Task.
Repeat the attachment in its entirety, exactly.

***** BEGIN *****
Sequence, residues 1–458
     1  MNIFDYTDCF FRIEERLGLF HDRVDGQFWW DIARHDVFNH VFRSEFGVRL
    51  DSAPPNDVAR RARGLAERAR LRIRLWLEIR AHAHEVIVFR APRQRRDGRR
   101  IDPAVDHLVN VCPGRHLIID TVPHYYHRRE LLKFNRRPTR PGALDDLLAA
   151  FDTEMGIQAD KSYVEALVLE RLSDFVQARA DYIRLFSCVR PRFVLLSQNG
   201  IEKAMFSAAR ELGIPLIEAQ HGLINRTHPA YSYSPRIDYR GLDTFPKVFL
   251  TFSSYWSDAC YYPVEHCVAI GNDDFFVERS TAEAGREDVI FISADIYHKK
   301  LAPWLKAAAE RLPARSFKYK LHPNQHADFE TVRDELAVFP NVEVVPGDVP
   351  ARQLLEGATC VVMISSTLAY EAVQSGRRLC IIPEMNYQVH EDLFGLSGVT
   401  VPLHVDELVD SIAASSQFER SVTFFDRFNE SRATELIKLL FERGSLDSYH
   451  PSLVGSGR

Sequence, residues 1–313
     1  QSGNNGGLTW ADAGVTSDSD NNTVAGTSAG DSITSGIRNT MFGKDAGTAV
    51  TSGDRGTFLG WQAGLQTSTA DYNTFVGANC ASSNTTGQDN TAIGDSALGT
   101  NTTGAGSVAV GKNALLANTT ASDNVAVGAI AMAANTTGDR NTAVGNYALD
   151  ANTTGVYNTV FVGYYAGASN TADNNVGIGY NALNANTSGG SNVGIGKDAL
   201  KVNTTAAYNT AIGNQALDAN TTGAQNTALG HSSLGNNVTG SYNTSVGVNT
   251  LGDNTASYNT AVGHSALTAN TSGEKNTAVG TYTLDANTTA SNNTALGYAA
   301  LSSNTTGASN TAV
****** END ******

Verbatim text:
Sequence, residues 1–458
     1  MNIFDYTDCF FRIEERLGLF HDRVDGQFWW DIARHDVFNH VFRSEFGVRL
    51  DSAPPNDVAR RARGLAERAR LRIRLWLEIR AHAHEVIVFR APRQRRDGRR
   101  IDPAVDHLVN VCPGRHLIID TVPHYYHRRE LLKFNRRPTR PGALDDLLAA
   151  FDTEMGIQAD KSYVEALVLE RLSDFVQARA DYIRLFSCVR PRFVLLSQNG
   201  IEKAMFSAAR ELGIPLIEAQ HGLINRTHPA YSYSPRIDYR GLDTFPKVFL
   251  TFSSYWSDAC YYPVEHCVAI GNDDFFVERS TAEAGREDVI FISADIYHKK
   301  LAPWLKAAAE RLPARSFKYK LHPNQHADFE TVRDELAVFP NVEVVPGDVP
   351  ARQLLEGATC VVMISSTLAY EAVQSGRRLC IIPEMNYQVH EDLFGLSGVT
   401  VPLHVDELVD SIAASSQFER SVTFFDRFNE SRATELIKLL FERGSLDSYH
   451  PSLVGSGR

Sequence, residues 1–313
     1  QSGNNGGLTW ADAGVTSDSD NNTVAGTSAG DSITSGIRNT MFGKDAGTAV
    51  TSGDRGTFLG WQAGLQTSTA DYNTFVGANC ASSNTTGQDN TAIGDSALGT
   101  NTTGAGSVAV GKNALLANTT ASDNVAVGAI AMAANTTGDR NTAVGNYALD
   151  ANTTGVYNTV FVGYYAGASN TADNNVGIGY NALNANTSGG SNVGIGKDAL
   201  KVNTTAAYNT AIGNQALDAN TTGAQNTALG HSSLGNNVTG SYNTSVGVNT
   251  LGDNTASYNT AVGHSALTAN TSGEKNTAVG TYTLDANTTA SNNTALGYAA
   301  LSSNTTGASN TAV